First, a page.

'King Cool's' decade of modernity in Morocco

15th October 2009, Comments 0 comments

After 10 years as king, Mohammed VI has brought modernity to his North African country but some still have a sneaking suspicion that the new roads and high-speed trains are not dragging Morocco fast enough into the 21st century.

Rabat -- People in Morocco call their monarch 'King Cool' because he rides jet skis, hangs around with rapper P. Diddy and French rocker Johnny Halliday.

After 10 years as king, Mohammed VI has brought modernity to his North African country but some still have a sneaking suspicion that the new roads and high-speed trains are not dragging Morocco fast enough into the 21st century.

When he took the throne on July 23, 1999 at the age of 35, Mohammed promised to pursue the open politics initiated at the end of his father Hassan II's reign, which was tainted by a legacy of repression.

He projected the image of a contemporary monarch, with his pop star friends, sports cars and ski holidays in the French Alps.

In 2002 he broke with tradition and married a 24-year-old commoner, computer engineer Lalla Salma Bennani, reinforcing the image of a modern Morocco on the move.

Over the past decade, Morocco has built an infrastructure that is the envoy of its Maghreb neighbours. From 100 kilometres (60 miles) of major highways in 1999, Morocco's main cities will be connected by some 1,500 kilometres of motorway by 2011.

On the Mediterranean coast, the 825-million-euro (1.15 million dollar) Tangiers Med project was launched in June, aiming to create the biggest port in Africa. Plans are under way for a high-speed train to connect the port to Casablanca.

Last year, Morocco obtained "advanced status" relations from the European Union, which will eventually give it greater access to Europe's single market.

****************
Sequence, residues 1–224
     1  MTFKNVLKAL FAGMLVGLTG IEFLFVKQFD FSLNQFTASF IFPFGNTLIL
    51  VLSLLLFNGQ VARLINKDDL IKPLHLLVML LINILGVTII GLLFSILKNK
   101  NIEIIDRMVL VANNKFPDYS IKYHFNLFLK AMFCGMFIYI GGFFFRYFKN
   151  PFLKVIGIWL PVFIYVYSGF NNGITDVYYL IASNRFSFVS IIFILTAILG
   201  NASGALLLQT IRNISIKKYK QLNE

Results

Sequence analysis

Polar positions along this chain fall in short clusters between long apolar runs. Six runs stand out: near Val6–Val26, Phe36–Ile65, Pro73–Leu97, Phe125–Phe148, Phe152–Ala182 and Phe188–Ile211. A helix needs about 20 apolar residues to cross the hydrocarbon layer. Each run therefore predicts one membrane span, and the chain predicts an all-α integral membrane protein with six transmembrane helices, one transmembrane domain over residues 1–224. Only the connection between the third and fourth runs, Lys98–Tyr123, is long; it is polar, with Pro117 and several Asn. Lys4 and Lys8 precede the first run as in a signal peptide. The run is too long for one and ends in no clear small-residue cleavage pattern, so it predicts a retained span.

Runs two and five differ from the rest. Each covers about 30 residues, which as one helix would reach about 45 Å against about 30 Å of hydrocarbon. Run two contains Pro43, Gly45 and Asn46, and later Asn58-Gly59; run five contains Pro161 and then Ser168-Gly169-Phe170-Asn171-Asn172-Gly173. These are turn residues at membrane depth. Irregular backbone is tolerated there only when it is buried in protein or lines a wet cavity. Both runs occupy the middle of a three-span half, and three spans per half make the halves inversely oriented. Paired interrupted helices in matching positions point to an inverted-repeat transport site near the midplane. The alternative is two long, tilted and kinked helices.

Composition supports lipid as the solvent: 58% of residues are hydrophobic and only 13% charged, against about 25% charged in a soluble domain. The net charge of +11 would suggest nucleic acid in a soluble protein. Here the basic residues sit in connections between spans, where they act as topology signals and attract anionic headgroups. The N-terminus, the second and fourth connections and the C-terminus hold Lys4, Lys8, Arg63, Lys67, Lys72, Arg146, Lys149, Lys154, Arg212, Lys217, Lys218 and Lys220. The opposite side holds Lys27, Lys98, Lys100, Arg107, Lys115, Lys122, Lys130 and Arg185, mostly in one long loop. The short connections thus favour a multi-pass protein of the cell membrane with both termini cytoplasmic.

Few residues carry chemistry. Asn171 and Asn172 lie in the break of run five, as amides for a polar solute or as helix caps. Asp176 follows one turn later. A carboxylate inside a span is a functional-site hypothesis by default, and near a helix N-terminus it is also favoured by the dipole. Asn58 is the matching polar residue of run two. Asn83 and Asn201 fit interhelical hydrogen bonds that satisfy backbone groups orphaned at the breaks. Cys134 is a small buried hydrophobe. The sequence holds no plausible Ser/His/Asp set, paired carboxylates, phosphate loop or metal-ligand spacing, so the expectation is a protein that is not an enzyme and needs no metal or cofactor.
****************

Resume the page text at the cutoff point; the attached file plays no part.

On social issues, Morocco in 2004 adopted a new family code giving women better rights compared to men, despite protests from hardline Islamists.

As commander of the faithful, Mohammed VI has also initiated religious reforms aiming to counter the rise of fundamentalist imams.

Mohammed remains a reserved figure however. His speeches are rare and he remains a mystery to his subjects. An absolute secrecy surrounds events behind the walls of the 'Mechouar', the royal palace in Rabat.

Despite the change, human rights and development groups say that life has not changed fast enough.

Corruption is found at all levels of government. Some 40 percent of the population is illiterate.

Morocco ranked 126th among world nations in the 2007-2008 UN Development Programme (UNDP) report on human development.

Newspapers can write freely, as long as they do not criticise the monarchy, the official Sunni Malakite Muslim sect or Morocco's territorial integrity.

The Moroccan Association of Human Rights says that the justice system is not independent, there is still torture and many arbitrary arrests.

Mohammed acted to end the abusive practices of the dark years of his father by setting up a special reconciliation commission. The victims of the repression have been indemnified, but no alleged torturer has been pursued.

Nabil Mouline, a specialist on Moroccan history at the Institute of Political Studies (IEP) in Paris, has in many ways returned to the traditional role of the Moroccan monarch.

"The king is present just about everywhere, omnipotent, reassuring the population. It is a return to the secular tradition of the Moroccan sultanate that goes back to the 16th century."

Mouline says that Morocco needs a change of mentalities through the reinforcing of culture, education and health.

The researcher insisted however that democracy has improved. "Elections are more transparent and there is a greater participation among women."

AFP/Expatica

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